Urgent Need for Fishing Restrictions to be upheld in Marine Parks, says Sabah Shark Protection Association
Kota Kinabalu, Sabah – The Sabah Shark Protection Association (SSPA) is appalled at the recently surfaced pictures of sharks killed by fishing nets in and around Tunku Abdul Rahman Park (TARP).
Mr Justinus Guntabid, Park Manager for TARP, has acknowledged concern over the incident and is currently working towards urgent steps needed to prevent this issue from recurring.
“It is disheartening to see these pictures of dead sharks that must have struggled for their lives when they were caught in these nets. Furthermore, it is believed that the nets were resulted from illegal fishing activities within the marine park,” says SSPA President, Aderick Chong.
Illegal fishing activities are an offence under the Tunku Abdul Rahman Park Enactment 1984 for protected areas in Sabah, under section 53. It states that any person who hunts, or is found in circumstances showing that it is his intention to hunt, any animal or bird or disturbs or removes the nest or eggs of any animal or bird in a Park or Nature Reserve can be penalised under section 58 of the enactment.
Penalties for section 53 is under section 58 of the enactment which in the case of a first offence, to imprisonment not exceeding one year and to a fine not exceeding twenty thousand ringgit, or both, and, in the case of a second or subsequent offence, to imprisonment not exceeding two years and to a fine not exceeding forty thousand ringgit, or both.
“Overfishing and the fin trade are threatening Malaysia sharp populations. Immediate enforcement inside Marine Parks is necessary and we are asking Nalaysia to put a stop on all shark and ray finsing until populations can be assessed and recover,” said David McGuire, Director of Shark Stewards. “Losing sharks is causing an imbalance in the marine ecosystem, and killing sharks will create a huge economic loss from dive tourism the country relies on.”
A scientific study of sharks in the Semporna region carried out by the Australian Institute of Marine Science (AIMS) in 2012 valued a single living shark in Sabah’s waters at US$815,000 to Sabah in terms of tourism revenue, compared with US$100 for its fins.
“Considering AIMS’ recent survey, a total of three dead sharks would be equivalent to a loss of approximately US$2.5 million to Sabah,” Chong states.
“SSPA is immensely grateful that Downbelow Marine and Wildlife Adventures have brought this issue to light and have actively been working with Sabah Parks to clear discovered nets around the area. The result of this active collaboration has resulted in releasing live creatures including sharks and rays. We are also pleased to hear that the net from this incident has been completely removed.”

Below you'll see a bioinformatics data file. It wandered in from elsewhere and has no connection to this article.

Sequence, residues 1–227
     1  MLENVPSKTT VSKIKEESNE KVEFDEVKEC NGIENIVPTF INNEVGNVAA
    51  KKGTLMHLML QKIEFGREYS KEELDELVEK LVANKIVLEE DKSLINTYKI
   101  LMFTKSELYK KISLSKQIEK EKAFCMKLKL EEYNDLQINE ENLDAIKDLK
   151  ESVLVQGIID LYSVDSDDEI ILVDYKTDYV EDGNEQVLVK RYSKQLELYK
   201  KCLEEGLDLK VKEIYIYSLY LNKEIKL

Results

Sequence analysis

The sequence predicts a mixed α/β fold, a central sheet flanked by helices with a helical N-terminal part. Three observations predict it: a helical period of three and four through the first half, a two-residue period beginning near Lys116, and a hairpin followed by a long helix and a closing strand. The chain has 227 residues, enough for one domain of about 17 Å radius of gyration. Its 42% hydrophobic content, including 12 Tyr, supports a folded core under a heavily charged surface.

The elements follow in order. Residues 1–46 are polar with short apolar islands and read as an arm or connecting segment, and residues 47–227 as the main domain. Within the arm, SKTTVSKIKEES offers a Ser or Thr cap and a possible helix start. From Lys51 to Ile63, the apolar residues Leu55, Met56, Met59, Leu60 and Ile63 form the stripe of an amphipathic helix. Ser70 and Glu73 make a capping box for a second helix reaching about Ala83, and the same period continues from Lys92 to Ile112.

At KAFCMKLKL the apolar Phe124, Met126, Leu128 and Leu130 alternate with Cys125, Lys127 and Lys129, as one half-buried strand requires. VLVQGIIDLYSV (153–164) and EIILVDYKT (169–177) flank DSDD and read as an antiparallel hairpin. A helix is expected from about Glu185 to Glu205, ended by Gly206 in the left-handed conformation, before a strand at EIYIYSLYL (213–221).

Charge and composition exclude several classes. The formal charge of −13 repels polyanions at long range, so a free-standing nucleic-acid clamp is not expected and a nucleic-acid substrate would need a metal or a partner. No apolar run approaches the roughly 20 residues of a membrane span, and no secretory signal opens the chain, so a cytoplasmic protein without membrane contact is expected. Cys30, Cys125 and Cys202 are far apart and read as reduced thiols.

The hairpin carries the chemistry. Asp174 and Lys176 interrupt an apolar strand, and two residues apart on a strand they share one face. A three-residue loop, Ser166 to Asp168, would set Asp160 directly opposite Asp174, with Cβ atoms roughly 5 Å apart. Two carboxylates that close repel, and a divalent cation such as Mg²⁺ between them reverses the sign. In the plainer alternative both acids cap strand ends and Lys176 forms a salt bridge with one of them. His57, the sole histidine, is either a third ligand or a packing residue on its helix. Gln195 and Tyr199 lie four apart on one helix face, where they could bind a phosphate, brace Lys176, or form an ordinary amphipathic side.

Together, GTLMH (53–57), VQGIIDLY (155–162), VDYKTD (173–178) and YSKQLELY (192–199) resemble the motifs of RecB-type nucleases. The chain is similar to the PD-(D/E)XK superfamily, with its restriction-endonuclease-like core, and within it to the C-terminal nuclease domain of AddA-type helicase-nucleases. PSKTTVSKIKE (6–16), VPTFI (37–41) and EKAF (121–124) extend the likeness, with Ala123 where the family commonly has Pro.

SSPA believes that preventive measures need to be implemented and strongly recommends continuous joint surveillance amongst the dive centres, Sabah Fisheries & Fishing Trawlers Association, and Sabah Parks, to combat the destructive consequences of illegal fishing activities in Sabah.
SSPA consists of the Malaysian Nature Society (Sabah branch), Marine Conservation Society (MCS), Shark, Education, Awareness and Survival (SEAS), Scubazoo, Tropical Research and Conservation Centre (TRACC), WWF-Malaysia, Shark Stewards and Land Empowerment Animals People (LEAP).
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Note to editor:
Sabah Shark Protection Association (SSPA) is a civil society collaboration that targets to save sharks and rays in Sabah. It realizes its objective through developing a no-shark fin campaign to reverse the present scenario of high shark-fin consumption in Malaysia and therefore, reduce the demand to fish for sharks. This campaign targets different stakeholders to create awareness leading to tangible reduction in consumptions in Malaysia.
SSPA’s core objectives are:
1. To draft conservation and management plans for sharks, Mobula rays and eagle rays protection and get them approved by all relevant authorities.
2. To allow anyone concerned to be part of this alliance; e.g., dive operators, fishermen, etc. to hold regular and sustained public forums; for members of the public to voice concerns from the ground.
3. To raise awareness of the importance of sharks, Mobula rays and eagle rays and their habitat, and share all relevant information.
4. To promote collaboration among NGOs, dive operators, fishermen, traders, academicians, fishing associations, etc.
SSPA is also collaborating with Shark Savers in the Shark campaign.
For further information:
Aderick Chong, President, Sabah Shark Protection Association,
Tel: +6016-830-6828 Email: firstname.lastname@example.org
Justinus Guntabid, Park Manager (Tunku Abdul Rahman Park), Sabah Parks,
Tel: +60 19 861 0404 Email: email@example.com
Kimberly Chung, Senior Communications & Campaigns Officer, Marine Programme, WWF-Malaysia,
Tel: +60 88 262 420 Email: firstname.lastname@example.org